This story is part of our Book of Mormon Testimonies collection.
My journey to gaining a testimony of the Book of Mormon has been a roller coaster of fear, stubbornness, backbreaking trials, and ultimate peace and direction, all at a young age.
I grew up in the church, yet from an early age my struggle with mental illness and subsequent isolation, loneliness, and fear led me to having a hard time knowing what was true and believing my life had value. I strayed from praying and grew more and more skeptical. In middle school, I went from being angry at God for giving me such hard trials to not praying to Him anymore. I stopped reading my scriptures. I started reading anti-Book of Mormon literature. I turned my back on God and convinced myself it was Him who had turned his back on me.
During one girls camp as a teenager, my fellow campers and I were asked to pray to gain our own testimonies of the Book of Mormon. I had spent the week poring over the scriptures, marking every reference to Christ, but my heart wasn’t in it. I was so scared that it would turn out to be true and that I would have to change my ways, my desires, my direction. I was terrified that I was messing everything up. I prayed, and I remember crying my heart out. “I’m trying, I’m praying,” I said, “But I don’t feel a thing.” The truth was that my heart was too hard. I didn’t want to feel the Spirit. I didn’t want the Book of Mormon to be true.
Finally, during my junior year of high school, harder and harder trials built up until I felt like I was completely broken. I painted myself into a corner–I was struggling with mental illness, with church, with politics. I was in the wrong social groups, making the wrong choices, and believing the wrong things. I felt completely lost and alone.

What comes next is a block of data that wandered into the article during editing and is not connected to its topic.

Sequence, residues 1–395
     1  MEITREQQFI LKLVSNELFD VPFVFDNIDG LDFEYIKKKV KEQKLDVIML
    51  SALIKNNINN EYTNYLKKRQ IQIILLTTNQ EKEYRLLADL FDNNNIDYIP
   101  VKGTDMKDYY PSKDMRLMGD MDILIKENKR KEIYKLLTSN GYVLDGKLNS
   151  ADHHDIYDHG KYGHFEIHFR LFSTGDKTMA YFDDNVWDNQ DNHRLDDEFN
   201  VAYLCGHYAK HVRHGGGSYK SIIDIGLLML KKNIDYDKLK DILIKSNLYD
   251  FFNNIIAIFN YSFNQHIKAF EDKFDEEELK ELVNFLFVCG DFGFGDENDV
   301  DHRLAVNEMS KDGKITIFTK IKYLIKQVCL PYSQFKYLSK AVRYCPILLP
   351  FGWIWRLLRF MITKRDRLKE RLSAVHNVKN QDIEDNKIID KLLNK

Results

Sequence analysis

When I felt I had nowhere else to turn, I began praying again. I told Heavenly Father how scared I was. It wasn’t immediate, but I began to feel hopeful again. I began to feel safe. My heart was finally starting to soften.
A few weeks later in my seminary class, my teacher encouraged us all to read the end of the Book of Mormon and go to a private place in the church to ask God if it was true. My classmates split up into the chapel, other classrooms, and hallways. I went outside the church, knelt in the grass, and asked fervently if it was true. I was overcome with peace. It was a complete contrast from when I had asked from a place of fear. I wanted to know the truth, and I felt the Spirit testify to me that because of the truth of the Book of Mormon, I could change and make more out of my life. Because of this book, I could come to know my Savior better, believe in Him, be saved by Him, and love my life.
I testify that it is okay if your testimony takes time. It is okay if it is scary, if it doesn’t come all at once. It is okay if you do not believe immediately. But you have to keep trying. Keep hoping. Keep persevering. This Book of Mormon, and this Gospel, are so worth it.